UPDATE #1 at the end
FOLLOWED BY UPDATE #2
FOLLOWED BY UPDATE #3
I was just sitting here on the couch, minding my own business, when a gust of wind ripped the front awning off my house. And it's still windy. Part of the awning is lying in the back yard on the other side of the house. Two more sections are in the creosote bushes in the front garden, and one mangled piece is in the mesquite tree. I can't tell how much damage has been done to the roof.
Piece in the tree
Piece that was in the power lines across the street, then fell out of the wires.
Piece in the back yard. I heard this piece go over the roof and land. When I went outside to look, while I was actually on the phone with the insurance company, I only knew about this piece, not the others. I thought the other pieces were on the roof, still attached to the rest of the awning.
As you can see from these ^^^^ two pictures, the corrugations of the awning material are now parallel to the front of the house, so that whole section was twisted 90 degrees. The corrugation is supposed to be perpendicular to the front.
One of the supports is lying on the ground, barely visible, but there is another one that's missing entirely. Maybe it's on the roof??? I don't know where it is.
I have no idea how much damage has been done to the roof itself, if any.
The first time this happened, about ten years or so ago, the damage was not nearly as severe and insurance covered repairs. The crew was only able to make the repairs, however, because I had matching material on hand from another awning. That material is gone now.
There is really only one insurance company for manufactured homes here. When I had another small claim a couple years later for roof damage, the adjuster completely missed the far more serious damage going on under the loosened/missing shingles. It was so bad that the roofer who put on the whole new roof said it was a miracle that whole section of the roof hadn't caved in: it was completely rotten under the shingles. And yes I have pictures.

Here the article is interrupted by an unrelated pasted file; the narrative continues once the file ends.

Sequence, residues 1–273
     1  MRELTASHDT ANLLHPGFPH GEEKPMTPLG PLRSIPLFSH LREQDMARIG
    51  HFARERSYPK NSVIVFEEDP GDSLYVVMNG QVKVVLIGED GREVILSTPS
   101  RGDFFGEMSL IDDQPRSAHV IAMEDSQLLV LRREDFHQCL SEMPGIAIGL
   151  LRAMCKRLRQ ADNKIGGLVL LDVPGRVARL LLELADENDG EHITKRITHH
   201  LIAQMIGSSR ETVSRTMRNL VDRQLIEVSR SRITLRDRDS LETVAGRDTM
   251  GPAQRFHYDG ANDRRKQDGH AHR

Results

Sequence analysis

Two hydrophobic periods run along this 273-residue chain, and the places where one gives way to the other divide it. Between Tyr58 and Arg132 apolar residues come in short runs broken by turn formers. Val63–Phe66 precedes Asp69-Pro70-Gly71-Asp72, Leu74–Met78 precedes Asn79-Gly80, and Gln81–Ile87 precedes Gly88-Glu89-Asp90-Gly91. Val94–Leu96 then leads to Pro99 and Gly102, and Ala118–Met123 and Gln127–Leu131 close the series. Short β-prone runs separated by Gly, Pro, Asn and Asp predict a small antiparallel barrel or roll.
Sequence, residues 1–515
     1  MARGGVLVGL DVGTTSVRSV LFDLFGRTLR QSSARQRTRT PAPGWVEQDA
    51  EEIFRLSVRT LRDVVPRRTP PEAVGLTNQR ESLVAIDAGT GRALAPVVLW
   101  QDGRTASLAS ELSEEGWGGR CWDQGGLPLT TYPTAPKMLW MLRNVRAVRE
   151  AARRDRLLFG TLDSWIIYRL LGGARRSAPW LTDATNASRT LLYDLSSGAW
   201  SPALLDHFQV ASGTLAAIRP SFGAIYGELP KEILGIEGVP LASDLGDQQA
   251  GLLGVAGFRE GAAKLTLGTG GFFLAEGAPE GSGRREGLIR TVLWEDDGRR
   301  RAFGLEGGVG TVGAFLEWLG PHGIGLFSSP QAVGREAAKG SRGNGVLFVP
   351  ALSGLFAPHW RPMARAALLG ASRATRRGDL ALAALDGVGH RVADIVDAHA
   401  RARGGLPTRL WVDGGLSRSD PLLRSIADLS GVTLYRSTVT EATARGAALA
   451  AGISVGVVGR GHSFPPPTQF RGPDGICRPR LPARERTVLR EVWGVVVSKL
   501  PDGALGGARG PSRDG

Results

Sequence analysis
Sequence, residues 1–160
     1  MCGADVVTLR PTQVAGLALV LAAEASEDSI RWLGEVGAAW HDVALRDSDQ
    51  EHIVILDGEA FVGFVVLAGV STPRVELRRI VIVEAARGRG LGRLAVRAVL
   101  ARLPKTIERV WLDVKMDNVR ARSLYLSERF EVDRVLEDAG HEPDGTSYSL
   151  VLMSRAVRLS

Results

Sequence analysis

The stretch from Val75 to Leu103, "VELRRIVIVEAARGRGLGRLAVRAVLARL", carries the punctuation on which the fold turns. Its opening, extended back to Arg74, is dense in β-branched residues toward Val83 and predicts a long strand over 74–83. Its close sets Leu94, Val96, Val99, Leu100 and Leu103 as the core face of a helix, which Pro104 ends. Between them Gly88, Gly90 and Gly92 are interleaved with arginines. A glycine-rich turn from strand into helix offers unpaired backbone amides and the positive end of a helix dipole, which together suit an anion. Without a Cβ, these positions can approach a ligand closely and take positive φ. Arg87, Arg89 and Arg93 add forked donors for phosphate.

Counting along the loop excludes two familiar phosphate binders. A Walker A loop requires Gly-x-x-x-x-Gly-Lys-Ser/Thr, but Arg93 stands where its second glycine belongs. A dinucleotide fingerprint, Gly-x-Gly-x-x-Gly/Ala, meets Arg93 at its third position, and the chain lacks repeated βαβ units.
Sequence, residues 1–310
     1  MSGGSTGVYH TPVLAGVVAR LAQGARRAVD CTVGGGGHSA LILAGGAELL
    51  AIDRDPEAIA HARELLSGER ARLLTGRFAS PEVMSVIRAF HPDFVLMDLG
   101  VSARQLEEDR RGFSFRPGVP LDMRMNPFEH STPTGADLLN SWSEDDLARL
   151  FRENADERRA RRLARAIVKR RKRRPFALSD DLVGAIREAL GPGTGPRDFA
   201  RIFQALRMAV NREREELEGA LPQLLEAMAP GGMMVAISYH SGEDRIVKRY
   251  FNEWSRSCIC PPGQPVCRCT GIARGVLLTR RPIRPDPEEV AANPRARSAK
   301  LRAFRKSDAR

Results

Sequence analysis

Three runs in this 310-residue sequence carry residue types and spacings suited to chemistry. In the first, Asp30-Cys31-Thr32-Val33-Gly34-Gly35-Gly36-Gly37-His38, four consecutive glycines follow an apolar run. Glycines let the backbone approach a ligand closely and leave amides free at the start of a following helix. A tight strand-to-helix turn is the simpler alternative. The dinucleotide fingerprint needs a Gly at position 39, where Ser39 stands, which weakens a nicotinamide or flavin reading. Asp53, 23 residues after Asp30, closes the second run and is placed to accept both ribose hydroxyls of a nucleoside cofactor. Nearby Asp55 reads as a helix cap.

Right now I'm more than a little shaken. My dog, Moby, has been under the weather (bad turn of phrase) this past week with something called "old dog vestibular syndrome." He's recovering, but it's been an emotional drain. Now this with the awning. And there are some other issues going on that have me really stressed.
Fools on Twitter can expect no mercy!
Claim has been filed and I have emailed photos of the damage as best I can take them.
There also appears to be minor damage to the awning on the other side of the house, but so far as I can tell it's only some bent supports and maybe some of them ripped from the concrete. May be repairable, may not. I will get photos of those later, after the shade has moved over to that side of the house.
Adjuster called yesterday evening, asked some questions. He did not inspire confidence, since he didn't seem to understand exactly what kind of "awning" I was talking about. He acted like it was a canvas awning over a window! "No, it's metal and it's 60 feet long and about 12 feet wide," I said.
He did not say anything about coming out to look at the damage, but acted more like he was going to make a determination based on my photos alone. THIS IS NOT GOING TO HAPPEN.
He also asked what I was doing to prevent further damage. "Like what?" I asked. "There's nothing I can do. There are sheets of corrugated metal on my roof, and I'm not climbing up there to get them off. I have no way of anchoring any of the rest of it. I'm not going to risk doing MORE harm and/or possibly hurting myself."
It will be one to two business days before he looks at the photos, three to four business days before he makes a determination.
I am not a happy camper. And there is a possibility that I will be even less happy when this is over.